Secondly, the result of any election indicates the people’s will to change or to retain the status quo. The present mandate is a clear message to change the actors and political forces that have operated under the previous mandate to run the country. The people have spoken out loudly and clearly, and they have expressed their desire for change. Their new mandate is a legitimate demand for a new face at the Sital Niwas. The people who voted did not do so by observing or reading the articles and sub-articles of the constitution or its provisions on the tenure and function of the president. They indicated that they wanted change in general: will it not then show great disrespect for the will of those people if we do not change the actor who is running the country? What is the point of having a new assembly and a new mandate if we do not change the faces in political offices such as the presidency?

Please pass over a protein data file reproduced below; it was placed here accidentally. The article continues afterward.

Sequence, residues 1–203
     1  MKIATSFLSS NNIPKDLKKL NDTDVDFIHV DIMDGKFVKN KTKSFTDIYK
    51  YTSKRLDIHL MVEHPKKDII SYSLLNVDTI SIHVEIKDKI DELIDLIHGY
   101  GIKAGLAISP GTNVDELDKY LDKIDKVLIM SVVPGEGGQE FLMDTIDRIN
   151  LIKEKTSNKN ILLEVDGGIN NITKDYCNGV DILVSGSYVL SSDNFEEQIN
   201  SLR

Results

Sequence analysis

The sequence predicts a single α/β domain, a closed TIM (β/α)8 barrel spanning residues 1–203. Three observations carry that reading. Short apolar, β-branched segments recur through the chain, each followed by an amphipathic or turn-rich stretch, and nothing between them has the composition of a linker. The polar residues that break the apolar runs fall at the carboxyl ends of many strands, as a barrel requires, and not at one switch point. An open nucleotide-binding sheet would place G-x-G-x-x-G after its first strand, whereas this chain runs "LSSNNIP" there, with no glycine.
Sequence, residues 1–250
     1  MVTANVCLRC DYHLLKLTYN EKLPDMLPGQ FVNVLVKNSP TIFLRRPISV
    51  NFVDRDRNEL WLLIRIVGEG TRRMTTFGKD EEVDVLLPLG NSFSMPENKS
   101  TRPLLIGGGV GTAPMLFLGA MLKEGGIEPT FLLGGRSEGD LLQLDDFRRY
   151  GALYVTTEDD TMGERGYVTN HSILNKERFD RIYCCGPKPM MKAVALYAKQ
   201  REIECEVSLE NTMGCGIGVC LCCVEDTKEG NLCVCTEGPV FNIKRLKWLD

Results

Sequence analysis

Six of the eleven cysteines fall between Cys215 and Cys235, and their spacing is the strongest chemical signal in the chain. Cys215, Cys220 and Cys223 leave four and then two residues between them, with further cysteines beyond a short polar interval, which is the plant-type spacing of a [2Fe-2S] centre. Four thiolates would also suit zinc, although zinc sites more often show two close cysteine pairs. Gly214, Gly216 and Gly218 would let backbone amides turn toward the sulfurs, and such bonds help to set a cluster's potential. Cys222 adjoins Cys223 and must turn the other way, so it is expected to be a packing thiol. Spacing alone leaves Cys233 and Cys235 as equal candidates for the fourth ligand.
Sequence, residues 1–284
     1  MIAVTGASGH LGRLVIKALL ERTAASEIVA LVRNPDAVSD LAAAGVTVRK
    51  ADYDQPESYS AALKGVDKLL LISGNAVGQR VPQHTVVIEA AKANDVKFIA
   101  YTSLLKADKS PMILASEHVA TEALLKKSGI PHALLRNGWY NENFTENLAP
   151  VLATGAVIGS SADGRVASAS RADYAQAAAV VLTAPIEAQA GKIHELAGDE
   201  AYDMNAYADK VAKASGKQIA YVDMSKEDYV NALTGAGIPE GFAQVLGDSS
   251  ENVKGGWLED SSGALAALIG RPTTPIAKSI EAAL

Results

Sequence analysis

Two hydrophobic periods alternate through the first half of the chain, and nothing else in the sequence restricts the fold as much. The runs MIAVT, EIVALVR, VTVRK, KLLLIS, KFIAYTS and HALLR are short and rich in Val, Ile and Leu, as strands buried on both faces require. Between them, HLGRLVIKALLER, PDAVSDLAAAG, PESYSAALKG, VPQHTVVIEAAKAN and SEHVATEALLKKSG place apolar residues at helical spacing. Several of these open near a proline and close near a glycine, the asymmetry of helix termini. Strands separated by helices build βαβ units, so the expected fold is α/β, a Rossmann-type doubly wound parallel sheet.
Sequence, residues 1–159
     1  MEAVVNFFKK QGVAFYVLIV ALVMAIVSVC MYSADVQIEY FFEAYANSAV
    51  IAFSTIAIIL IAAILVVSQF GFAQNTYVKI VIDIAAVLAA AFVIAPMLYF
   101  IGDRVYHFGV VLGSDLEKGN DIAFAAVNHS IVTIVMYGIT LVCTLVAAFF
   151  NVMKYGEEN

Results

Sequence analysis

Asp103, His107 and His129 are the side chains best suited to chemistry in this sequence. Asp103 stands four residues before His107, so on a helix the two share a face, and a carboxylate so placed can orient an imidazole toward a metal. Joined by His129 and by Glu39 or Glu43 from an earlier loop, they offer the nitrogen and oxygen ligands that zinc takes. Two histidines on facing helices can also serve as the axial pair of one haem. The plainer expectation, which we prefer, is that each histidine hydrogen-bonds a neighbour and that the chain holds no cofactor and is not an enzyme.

Thirdly, the interim constitution stipulates that the term of office of the present president shall run ‘until the commencement of the constitution to be promulgated by the Constituent Assembly’. Even if we follow the strict meaning of this provision, there is no suggestion that an individual should occupy the office of president indefinitely. Most important, the constitution states: ‘The Constituent Assembly shall elect the president.’ In this case, we need to ask if the second CA should be regarded as a mere continuation of the demised first CA?